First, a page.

International Children’s Book Day is celebrated every April 2. We talked to writer Alexandra Alpízar Escobar about the importance of reading at an early age.

I remember every time I accompanied my dad to Lehmann’s bookstore as a child. Seeing all those books with such striking covers, funny titles, even with different textures made me want to read them all.

When my dad would arrive with a new book for me, I would read it in a day and reread it a thousand times.

I also remember when they took us to the library in school and we could pick out any book and rent it for two weeks.

All these memories of my childhood are very precious to me. They make me think about how important reading, books, stories are for all children.

International Children’s Book Day

This day was born as an initiative of the International Board on Books for Young People (IBBY). Why April 2nd? It is due to the birth of Hans Christian Andersen, one of the most influential writers of children’s literature. Who does not know The Ugly Duckling, Thumbelina, The Little Mermaid or The Steadfast Tin Soldier?

The objective of this date is to awaken interest in books and reading for children and youth because literature helps to enhance imagination, empathy, language and creativity. It is important not to skip this stage. Never.

Children’s literature in Costa Rica

To touch on the subject of children’s literature in Costa Rica, we spoke with Alexandra Alpízar Escobar about the importance and challenges facing both writers and children in the country.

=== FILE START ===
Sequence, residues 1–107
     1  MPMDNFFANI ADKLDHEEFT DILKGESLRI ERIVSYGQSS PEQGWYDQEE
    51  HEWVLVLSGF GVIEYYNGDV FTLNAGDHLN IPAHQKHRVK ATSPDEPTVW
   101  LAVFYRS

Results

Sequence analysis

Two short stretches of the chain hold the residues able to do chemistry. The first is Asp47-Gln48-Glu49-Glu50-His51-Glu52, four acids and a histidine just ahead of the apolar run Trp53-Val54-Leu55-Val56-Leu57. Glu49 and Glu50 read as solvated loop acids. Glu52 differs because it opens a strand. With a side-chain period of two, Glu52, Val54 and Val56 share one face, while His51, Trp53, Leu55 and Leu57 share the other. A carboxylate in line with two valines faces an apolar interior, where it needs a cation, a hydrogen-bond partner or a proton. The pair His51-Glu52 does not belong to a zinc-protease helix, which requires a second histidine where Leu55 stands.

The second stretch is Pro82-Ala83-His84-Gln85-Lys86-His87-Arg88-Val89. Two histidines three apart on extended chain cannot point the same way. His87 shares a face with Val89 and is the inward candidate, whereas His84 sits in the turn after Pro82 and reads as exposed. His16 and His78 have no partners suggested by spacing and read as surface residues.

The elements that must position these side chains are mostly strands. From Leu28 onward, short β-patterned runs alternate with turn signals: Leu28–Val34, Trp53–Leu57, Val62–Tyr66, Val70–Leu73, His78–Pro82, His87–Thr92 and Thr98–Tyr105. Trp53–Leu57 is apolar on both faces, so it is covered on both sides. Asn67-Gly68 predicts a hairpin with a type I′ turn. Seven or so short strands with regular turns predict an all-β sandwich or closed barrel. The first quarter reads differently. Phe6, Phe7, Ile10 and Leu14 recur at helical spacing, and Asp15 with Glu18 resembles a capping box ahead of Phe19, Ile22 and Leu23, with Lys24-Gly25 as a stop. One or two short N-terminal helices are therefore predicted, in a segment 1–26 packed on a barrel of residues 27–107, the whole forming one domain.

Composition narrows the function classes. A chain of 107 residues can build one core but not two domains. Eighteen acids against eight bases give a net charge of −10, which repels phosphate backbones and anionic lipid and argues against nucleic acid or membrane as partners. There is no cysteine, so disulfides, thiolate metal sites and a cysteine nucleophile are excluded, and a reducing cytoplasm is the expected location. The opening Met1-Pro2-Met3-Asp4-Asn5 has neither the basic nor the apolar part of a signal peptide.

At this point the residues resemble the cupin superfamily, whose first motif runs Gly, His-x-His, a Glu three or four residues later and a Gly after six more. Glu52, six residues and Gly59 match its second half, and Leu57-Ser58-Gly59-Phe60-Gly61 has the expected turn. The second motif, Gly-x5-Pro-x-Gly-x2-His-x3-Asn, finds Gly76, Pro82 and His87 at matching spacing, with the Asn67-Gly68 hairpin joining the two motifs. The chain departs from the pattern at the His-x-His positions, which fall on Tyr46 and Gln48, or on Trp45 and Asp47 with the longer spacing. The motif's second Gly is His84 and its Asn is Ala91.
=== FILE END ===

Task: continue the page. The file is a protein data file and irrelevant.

What does the celebration of International Children’s Book Day mean to you, as a Costa Rican writer of children’s stories?

It is significant to me that something as essential as a children’s book has its own day to celebrate. The work that has been done by numerous writers for children and teens should be as recognized as those who only write for adults. And I welcome the fact that this date exists.

How do you think children’s literature can positively influence the lives of Costa Rican children?

The habit of reading is a healthy form of entertainment that positively stimulates the child’s brain and way of thinking. It also promotes imagination and critical thinking. Letters and arts should have the same status as science; they are not at odds with each other like oil and water, we humans need these things in our daily lives.

Giving an age-appropriate book to children and adolescents is a huge favor to their recreation. They will have more courage to search and investigate whatever it is they are trying to learn and develop. If the child does not like this activity, well, perfect, but a relationship with reading will have remained, maybe he/she will not like literature, but scientific articles. Only advantages.

For all these reasons, I agree one hundred percent that reading should be promoted to this group of the population.

What is your favorite children’s book and why do you think it is still relevant to children today?